Odin is fine, a little scrape on his nose and he has a pretty close "trim" around the cut. Tough day, since I could not come home to with him at the Dr.
By the way, I love our vets (Drs Nicolas and Lopez) at Mantanza's River Animal Hospital.
Carrie R. Marvin - We are both ok. I'm amazed that Odin didn't have a big puncture wound from the teeth. It was such a horrible sight. Odin trying to get away, me and Peggy hitting the crap out of the dog's face, Peggy fell in the road, the dog wouldn't let go, if he did, I didn't want him to attack us or Odin try to go at him. Completely awful, and so thankful that Odin just has a bruised and swollen jaw/neck. I must repeat that our vet is awesome.
Ellen Smith Lucas - When I first read Jim's post, all I could think of is how traumatic it must have been for you and your neighbor. SO scary. Glad you're okay physically. Poor Odin, did his neck/jaw get injured from the leash?
Carrie R. Marvin - Ellen Smith Lucas, very traumatic. Odin's injury is from the dog grabbing him and not letting go. This went on for what seemed forever. That's why we were beating as hard as we could on the other dog's head. I'm not happy to say we had to do that, but we had to do it to protect Odin. Miraculously, the teeth barely broke any skin, nothing that warranted antibiotics. Animal Control called me for a statement, the guy on the phone did a very good job today. He definitely has one tough job!
Ellen Smith Lucas Was the dog still in the area when animal control showed up?
Carrie R. Marvin Ellen Smith Lucas -yes, he was able to catch him. Was chipped and on his way to the owner. I called later and he said the owner claims he was missing for 2 months and surrendered the dog. I feel bad for the dog, don't know his story, probably will not be a happy ending for him :(.
Ellen Smith Lucas Carrie R. Marvin I completely understand that sentiment, but I'm sure it's best in order to save future potential victims. Today could have ended much worse for all three of you, as I know you know.
Chip Gionet - There is no future for that poor dog. Pitt Bulls get a horrible reputation for this behavior and more often than not, the owner is to blame, wanting the image of having such a 'killer' dog. On the other hand, we rescued a litter of pit bulls once and one of them, as puppies, put in to kill her sister. An operation and many stitches later, the sister was ok. This dog, Jordan,the one that tried to kill her litter-mate, was in the yard with us one day, along with our permanent dogs, and got into the electric fence. She turned around and saw Duncan, our Australian Shepherd, and decided on the spot that he caused it. She stalked him for days and was determined to kill him. Sometimes that behavior is just there. And it is not limited to Pit Bulls; other dogs can have that temperament as well, just that Pit Bulls get the bad rap. When raised correctly, Pit Bulls can be as sweet as kittens. (We have a Pit Bull cross, Mr. Spock, [ears like long range radar] who craves attention and is afraid of his own shadow. He lives to have a doggy buddy, but my Australian Shepherd will have no part of him. She is not dog friendly, but not aggressive unless Mr. Spock tries to breathe her air. :) ) Barney, from the same litter, was a big happy goof ball that loved everybody and went to a home with children that he loved and they loved him. Now if anyone were to threaten those children in Barney's presence, woe be unto them. He reached 80 pounds. We try to keep in touch for a few months with all our placements- if they don't work out, we will take the animal back and try again. We had to do that with another placement from that litter. Jordan went to meet her maker. An animal with that temperament has no business being 'out there'. Gratefully, of the dozen or more rescues we've had, she is the only one. Carrie/Jim, I am so sorry you and Odin had to go through that. No excuse. I'd like to add that all owners should get a chip in their pet. It is not expensive and can save not only your pet, but the heartache of one disappearing. We need to get together for lunch/dinner soon.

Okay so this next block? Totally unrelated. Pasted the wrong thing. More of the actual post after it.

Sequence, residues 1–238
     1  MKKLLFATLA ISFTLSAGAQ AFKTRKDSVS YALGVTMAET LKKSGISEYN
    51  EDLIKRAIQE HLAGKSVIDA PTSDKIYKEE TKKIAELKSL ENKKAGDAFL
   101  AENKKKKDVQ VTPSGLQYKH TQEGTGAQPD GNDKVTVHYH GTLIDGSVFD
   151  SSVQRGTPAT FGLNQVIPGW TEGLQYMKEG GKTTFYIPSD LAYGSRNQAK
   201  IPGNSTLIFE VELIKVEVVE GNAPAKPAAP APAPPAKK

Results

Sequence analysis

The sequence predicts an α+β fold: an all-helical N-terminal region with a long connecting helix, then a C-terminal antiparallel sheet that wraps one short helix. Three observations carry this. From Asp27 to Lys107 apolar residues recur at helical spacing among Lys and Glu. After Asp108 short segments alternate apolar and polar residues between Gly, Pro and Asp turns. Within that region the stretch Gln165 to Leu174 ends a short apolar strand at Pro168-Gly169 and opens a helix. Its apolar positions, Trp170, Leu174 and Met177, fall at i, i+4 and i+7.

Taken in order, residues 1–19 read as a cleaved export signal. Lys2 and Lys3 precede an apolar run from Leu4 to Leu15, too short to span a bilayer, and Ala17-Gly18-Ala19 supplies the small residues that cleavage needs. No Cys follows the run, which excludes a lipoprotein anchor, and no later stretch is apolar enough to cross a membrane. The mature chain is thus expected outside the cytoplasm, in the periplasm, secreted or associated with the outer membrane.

Carrie R. Marvin- Chip Gionet, I was shocked when I was told the owner would be the one to decide to test the dog for aggression. My neighbor was "responsible" since she took him in overnight. Ultimately, the dog was surrendered, which I know is for the best. So thankful Odin came out with little to speak of!
AND OF COURSE, HERE COMES KELLY KINNEY TO TELL HER WHAT SHE SHOULD AND SHOULD NOT SAY...
Kelly Kinney - There is no way to know if a dog is a pit bull or pit mix even, without a DNA test. It does a tremendous amount of damage to the breed to make comments like this. Better to say "attacked by another dog" in the absence of facts. So many people are prejudiced against pits, dobies and yes ... Rotties also.
James Statzer - That's why I used the parenthesis around the word pit bull. Not meaning anything derogatory against the breed.
Kelly Kinney - I know you didn't mean anything by it but it does promote prejudice. I walked at least 10 (perhaps bully breeds) yesterday. All sweet, all hoping for a break and many of them will never get one simply because of perception.
Kelly Kinney - BTW, the only shelter dog that tried to bite me yesterday was a chiwawa (I am sure I spelled that wrong) and the only time I've been bitten at the shelter was by a border collie mix. The bully breeds (including rotties) I am not afraid of, lol.
|Kinney says a vicious Chihuahua tried to attack her|